Labor reporter assesses the decline of unions — and their chances for survival
PHIL DINE IS something of a rarity in journalistic circles. As a labor reporter for the St. Louis Post-Dispatch, he has spent much of the last two decades covering organized labor. Most commercial newspapers across the country did away with labor reporters years ago — or at best have chosen to handle the labor beat as an add-on to a reporter’s regular assignments.
That is precisely why Dine’s new book, “State of the Unions: How Labor Can Strengthen the Middle Class, Improve Our Economy, and Regain Political Influence” (McGraw-Hill, 2007), deserves a close look by anyone who cares about labor unions. Dine is the real deal, a reporter who jumped into the trenches with organized labor, writing about its achievements as well as its failures, its champions as well as its culprits. He has documented the struggles of rank-and-file union members and their leadership at the local, regional, and national levels. And he has observed keenly the forces — internal as well as external — that threaten labor’s existence. In the process, Dine has twice been nominated for Pulitzer Prize awards for labor coverage.
Who better to assess labor’s decline and identify strategies for its survival?
Dine’s assessment is grim. He writes: “A powerful labor movement that once moved workers into the middle class is now powerless to prevent people from falling out of it.” This statement may be over-general, but it certainly applies to millions of workers — especially in the manufacturing sector — whose jobs have been shipped overseas.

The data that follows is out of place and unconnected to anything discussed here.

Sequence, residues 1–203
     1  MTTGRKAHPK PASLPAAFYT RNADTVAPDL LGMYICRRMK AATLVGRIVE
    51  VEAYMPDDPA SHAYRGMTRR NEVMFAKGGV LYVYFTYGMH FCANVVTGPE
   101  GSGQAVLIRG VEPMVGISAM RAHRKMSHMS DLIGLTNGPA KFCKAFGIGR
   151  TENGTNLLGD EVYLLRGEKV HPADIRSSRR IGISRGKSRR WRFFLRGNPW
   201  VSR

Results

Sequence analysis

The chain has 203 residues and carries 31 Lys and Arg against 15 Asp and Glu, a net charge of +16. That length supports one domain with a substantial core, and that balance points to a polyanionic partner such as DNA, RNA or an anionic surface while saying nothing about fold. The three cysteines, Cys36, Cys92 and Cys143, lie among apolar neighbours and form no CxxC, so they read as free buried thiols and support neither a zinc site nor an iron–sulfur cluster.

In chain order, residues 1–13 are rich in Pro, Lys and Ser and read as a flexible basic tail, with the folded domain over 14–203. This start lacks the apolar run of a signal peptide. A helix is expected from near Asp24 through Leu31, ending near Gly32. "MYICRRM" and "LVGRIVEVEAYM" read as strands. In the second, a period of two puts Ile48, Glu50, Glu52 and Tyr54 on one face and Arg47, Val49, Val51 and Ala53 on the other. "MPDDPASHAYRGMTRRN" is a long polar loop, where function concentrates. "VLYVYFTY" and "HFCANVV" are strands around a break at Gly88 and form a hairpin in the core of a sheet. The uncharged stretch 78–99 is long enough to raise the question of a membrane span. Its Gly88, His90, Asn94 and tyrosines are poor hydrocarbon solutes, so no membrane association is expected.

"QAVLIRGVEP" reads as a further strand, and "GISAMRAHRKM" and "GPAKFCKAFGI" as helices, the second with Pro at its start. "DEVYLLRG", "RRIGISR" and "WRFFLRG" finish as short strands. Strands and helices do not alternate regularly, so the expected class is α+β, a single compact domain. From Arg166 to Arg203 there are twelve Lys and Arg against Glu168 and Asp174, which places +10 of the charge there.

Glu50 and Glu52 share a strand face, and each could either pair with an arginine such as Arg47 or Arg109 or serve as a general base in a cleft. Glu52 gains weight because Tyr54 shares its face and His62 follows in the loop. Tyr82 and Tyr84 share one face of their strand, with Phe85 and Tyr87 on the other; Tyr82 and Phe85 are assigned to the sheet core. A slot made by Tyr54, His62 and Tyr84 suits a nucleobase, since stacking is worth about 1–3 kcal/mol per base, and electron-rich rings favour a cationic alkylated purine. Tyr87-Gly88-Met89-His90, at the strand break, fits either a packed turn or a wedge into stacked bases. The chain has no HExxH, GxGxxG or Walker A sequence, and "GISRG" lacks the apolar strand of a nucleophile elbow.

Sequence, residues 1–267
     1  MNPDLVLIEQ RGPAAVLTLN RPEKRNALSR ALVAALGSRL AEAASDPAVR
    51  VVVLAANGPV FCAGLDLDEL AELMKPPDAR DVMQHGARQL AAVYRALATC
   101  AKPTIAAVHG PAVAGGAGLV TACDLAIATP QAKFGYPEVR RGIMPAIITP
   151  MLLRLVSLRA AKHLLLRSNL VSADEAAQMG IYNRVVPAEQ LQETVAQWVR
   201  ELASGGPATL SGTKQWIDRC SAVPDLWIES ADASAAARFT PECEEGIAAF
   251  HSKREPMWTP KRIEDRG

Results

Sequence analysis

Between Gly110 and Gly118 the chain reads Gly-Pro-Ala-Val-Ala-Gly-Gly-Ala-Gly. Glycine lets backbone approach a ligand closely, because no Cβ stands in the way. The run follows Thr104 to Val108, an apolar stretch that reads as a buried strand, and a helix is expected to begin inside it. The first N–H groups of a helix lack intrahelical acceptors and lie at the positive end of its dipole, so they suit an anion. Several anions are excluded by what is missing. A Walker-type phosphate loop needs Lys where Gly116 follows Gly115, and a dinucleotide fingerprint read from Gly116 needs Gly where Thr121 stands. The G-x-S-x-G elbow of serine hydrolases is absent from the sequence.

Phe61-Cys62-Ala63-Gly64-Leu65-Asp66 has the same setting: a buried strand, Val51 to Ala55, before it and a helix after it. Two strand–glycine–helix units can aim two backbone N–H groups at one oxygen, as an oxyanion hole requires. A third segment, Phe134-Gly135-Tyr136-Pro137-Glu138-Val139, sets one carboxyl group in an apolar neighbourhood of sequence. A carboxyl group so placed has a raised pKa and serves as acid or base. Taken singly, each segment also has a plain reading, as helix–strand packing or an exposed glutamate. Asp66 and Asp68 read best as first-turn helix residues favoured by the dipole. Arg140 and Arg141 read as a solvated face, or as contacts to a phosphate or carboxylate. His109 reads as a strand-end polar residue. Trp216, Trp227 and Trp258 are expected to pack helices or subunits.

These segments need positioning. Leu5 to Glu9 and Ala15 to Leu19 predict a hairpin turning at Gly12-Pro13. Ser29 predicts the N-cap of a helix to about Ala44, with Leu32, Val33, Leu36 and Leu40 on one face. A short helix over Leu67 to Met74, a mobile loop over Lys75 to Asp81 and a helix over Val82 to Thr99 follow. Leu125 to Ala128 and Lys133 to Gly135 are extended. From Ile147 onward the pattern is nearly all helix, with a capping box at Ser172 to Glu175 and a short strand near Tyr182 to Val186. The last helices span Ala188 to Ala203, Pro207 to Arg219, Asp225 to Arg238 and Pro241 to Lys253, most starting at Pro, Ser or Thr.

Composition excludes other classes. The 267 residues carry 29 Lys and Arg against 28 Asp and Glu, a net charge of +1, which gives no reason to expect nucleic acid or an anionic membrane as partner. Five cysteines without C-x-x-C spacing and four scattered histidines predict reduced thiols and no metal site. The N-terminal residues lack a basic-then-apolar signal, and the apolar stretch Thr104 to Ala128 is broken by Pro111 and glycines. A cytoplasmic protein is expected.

Bad trade deals, hostile labor boards, and an indifferent, biased media all factor into labor’s decline, Dine concedes. But labor itself is not without fault. In Dine’s view, unions have not made their issues part of the American dialogue. “What’s puzzling about labor’s failure to deliver its message,” he writes, “is that most people agree with almost all of its policy goals.” He adds, “The lack of an effective voice has had three far-reaching consequences for labor: it has skewed public policies related to workers, the workplace, and union rights; it has created a vacuum in terms of public perception that allows labor’s adversaries to define it in negative ways; and, as a result, it has jeopardized labor’s survival.”
Dine is particularly sensitive to labor’s relationship with the media. He describes a vicious cycle that works something like this: Unions don’t trust the media, so they do not cooperate with reporters; reporters and editors respond by giving less coverage to unions; this strengthens labor’s belief that the media is biased, so unions cooperate even less than before — and get even less coverage.
Not surprisingly, Dine prescribes more proactive media relations, with more access to union leaders, as part of any solution to labor’s woes.
Dine uses two news stories he covered to illustrate fundamental labor strengths — strengths unions can draw upon to regain power. The first story describes how fire fighter locals throughout Iowa pulled an upset victory for underdog presidential candidate John Kerry during the 2004 caucus. Dine says the fire fighters’ discipline, unity, and organizational skills were responsible for producing an unexpected turnout for Kerry, surprising political pundits as well as the other candidates.
The second story describes how 900 poor black women employed by Delta Pride, a catfish farming operation in Mississippi, won better wages and working conditions from their all-white, anti-union employers. Dine attributes their success to the United Food and Commercial Workers’ skillful use of a boycott, its ability to frame the issue for the media, and its decision to allow the women to make their case for fairness and justice from the bottom up — rather than from the union leadership down.
“If the labor movement does revitalize itself,” Dine writes, “It won’t be because its leaders have discovered a magic formula…it will be because labor is out telling its story in a way that captures imagination, evokes a sense of mission and achievement, and makes clear why a robust union movement is not only relevant but in the public interest.”
Learn more about State of the Unions online at www.philipdine.com.